The pressure to get immunized against COVID-19 is mounting across Canada.
Recently, the province announced a new policy that will take place on September 13th, which will require residents to show proof of vaccination before entering a range of businesses and attending large indoor events.
However, there are still Prince George residents that are concerned about the vaccine and its safety, and as a result, have decided not to get vaccinated.
Once the new policy was announced, many of these concerned residents took to social media to share their concerns, and many said their opposition to the vaccine stems from one major issue, government control.
Two local women who are part of an online Facebook group advocating for fighting current lockdowns and public health orders shared their concerns.
Kayden Heinrichs, 26, is a logging truck driver and has a leadership role with the Facebook group, she and fellow group member Samantha Wilkin, a local liquor store clerk, both say they want vaccination to be a personal choice.
“When they started pushing and making it mandatory to take this vaccine it was a big wake-up call and it shouldn’t happen,” said Wilkin.
She says she believes the vaccine policy was motivated by the government controlling the population and wasn’t actually motivated by public health and safety concerns.
Meanwhile, Heinrichs agrees that it wasn’t incentivized by health and safety, and says the thought of not being able to access resources due to her decision, is scary.
“I wouldn’t say I’m pro-vax or anti-vax, I’m just pro-choice, and I think that’s what most people in the group believe. If you want to get the vaccination that’s your own choice but don’t push it on me.
Let me decide what I want to do with my body without stopping me from being able to buy food or go to the hospital if I don’t have it, it’s insane it’s more than just trying to look out for my health and the health of others,” she explained.
While concerns over government control is a big motivator for both women’s beliefs, they’re both also still concerned over the safety of the vaccine.
Wilkin says she is concerned over how long it took to create the vaccine, saying that she believes it didn’t take long enough.
“I’m kind of against all vaccinations in general for myself for my own body, but more so this is around Covid,” said Heinrichs.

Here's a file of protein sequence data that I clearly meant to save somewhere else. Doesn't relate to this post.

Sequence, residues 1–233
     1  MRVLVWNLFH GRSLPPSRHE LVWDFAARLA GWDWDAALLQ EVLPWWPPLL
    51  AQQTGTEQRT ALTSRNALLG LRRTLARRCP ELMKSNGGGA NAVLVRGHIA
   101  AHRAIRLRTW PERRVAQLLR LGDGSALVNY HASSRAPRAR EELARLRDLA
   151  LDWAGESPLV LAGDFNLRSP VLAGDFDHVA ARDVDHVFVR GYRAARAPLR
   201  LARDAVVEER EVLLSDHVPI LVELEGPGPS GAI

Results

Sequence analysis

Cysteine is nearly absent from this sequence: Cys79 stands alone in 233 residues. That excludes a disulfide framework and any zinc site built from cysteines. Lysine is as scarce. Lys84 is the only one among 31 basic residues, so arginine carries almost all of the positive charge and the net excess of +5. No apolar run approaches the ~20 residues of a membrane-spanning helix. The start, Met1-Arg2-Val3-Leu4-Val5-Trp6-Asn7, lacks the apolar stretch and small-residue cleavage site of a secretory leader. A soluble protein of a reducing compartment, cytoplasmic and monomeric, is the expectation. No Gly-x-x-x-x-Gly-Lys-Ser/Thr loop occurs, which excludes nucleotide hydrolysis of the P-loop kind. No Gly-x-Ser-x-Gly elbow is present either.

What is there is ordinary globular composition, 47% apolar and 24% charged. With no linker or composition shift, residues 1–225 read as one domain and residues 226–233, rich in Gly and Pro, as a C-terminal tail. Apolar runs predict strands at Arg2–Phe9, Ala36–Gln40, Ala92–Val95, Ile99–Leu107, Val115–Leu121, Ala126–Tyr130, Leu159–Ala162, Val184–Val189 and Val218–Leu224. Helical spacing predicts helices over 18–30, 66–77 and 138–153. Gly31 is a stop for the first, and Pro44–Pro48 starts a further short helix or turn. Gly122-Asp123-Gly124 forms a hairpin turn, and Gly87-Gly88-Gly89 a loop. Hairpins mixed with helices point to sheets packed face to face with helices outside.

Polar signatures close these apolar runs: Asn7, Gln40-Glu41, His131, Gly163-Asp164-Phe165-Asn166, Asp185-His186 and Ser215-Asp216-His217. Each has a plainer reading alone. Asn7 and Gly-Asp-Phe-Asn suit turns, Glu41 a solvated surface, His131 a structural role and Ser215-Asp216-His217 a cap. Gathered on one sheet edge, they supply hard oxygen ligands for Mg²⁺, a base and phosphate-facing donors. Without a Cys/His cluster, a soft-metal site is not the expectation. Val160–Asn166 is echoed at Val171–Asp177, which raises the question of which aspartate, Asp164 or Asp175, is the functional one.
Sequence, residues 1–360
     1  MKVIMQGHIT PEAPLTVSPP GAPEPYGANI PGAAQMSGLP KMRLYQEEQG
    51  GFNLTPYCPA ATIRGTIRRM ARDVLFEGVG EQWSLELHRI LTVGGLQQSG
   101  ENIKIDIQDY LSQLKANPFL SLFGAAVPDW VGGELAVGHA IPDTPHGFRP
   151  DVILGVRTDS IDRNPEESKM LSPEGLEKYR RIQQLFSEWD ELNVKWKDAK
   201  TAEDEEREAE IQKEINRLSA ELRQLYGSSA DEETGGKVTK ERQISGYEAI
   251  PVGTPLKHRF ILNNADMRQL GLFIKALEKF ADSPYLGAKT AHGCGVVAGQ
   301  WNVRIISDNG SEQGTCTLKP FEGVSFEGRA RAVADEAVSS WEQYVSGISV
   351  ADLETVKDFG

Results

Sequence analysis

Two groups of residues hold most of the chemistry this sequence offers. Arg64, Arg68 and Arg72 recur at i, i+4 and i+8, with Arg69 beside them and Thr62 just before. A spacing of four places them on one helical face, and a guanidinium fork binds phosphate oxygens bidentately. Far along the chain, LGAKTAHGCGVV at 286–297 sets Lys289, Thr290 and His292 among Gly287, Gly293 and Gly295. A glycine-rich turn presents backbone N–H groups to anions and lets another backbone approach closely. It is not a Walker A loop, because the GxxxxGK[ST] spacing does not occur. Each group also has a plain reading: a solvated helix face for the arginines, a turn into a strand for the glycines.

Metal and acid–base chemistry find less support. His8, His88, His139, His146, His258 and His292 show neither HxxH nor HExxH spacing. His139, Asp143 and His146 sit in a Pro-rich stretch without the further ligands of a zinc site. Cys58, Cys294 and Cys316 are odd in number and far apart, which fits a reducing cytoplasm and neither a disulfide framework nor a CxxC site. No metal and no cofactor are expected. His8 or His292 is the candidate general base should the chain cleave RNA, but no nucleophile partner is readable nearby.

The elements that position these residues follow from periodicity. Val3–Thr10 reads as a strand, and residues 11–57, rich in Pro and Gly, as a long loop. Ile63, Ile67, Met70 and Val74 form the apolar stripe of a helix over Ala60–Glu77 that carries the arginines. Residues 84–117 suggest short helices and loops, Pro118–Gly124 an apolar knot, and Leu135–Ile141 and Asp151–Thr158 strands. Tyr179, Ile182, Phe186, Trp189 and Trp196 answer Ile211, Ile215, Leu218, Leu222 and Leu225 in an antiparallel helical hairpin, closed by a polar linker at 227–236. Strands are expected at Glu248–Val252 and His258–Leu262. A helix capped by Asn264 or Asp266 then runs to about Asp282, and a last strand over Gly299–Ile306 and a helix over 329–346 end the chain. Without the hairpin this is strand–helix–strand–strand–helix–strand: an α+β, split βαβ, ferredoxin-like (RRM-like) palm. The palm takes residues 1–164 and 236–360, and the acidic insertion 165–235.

She says she saw a group of people at her work get sick from it, but their symptoms were pretty mild, and Wilkin also has first-hand experience as her brother contracted the virus and had mild symptoms as well.
“Supposedly my brother had Covid,” said Wilkin, “they did two tests and he tested positive and he quarantined for two weeks at his place, and the people he was living with quarantined themselves and they got tested and tested negative.
So, it’s a very grey area for me and a friend of mine’s grandma in Ontario supposedly passed away due to Covid, but it wasn’t Covid she was like 109 and died of natural causes.”
All available vaccines have been approved by Health Canada for months, however, the Pfizer vaccine wasn’t approved by the U.S Food and Drug Administration (FDA) until earlier this week.
Both Wilkin and Heinrichs say that the FDA’s approval didn’t change anything for them, and no matter what happens they will not be getting the vaccine.
“I don’t even want to consider listening to the fact that even if it was FDA or anything approved I still will not take it,” said Wilkin.
“I think freedom is very important and I’ve made the decision that I would rather sacrifice my life than get the jab, and that’s how strongly I believe in freedom and personal choice,” stated Heinrichs.
Both Heinrichs and Wilkin are now advocating for the social divide that has been created by the pro/anti-vaccination issue to be closed for good.
“This is not worth a fight. Honestly, we are already fighting with the government about it and we don’t need to be going after each other because of our beliefs.
It’s just going to be a peeing contest for who’s better and what’s what. Like if we want to take the vaccine that’s a bonus but if not then let us live our lives and if we die, we die,” stated Wilkin.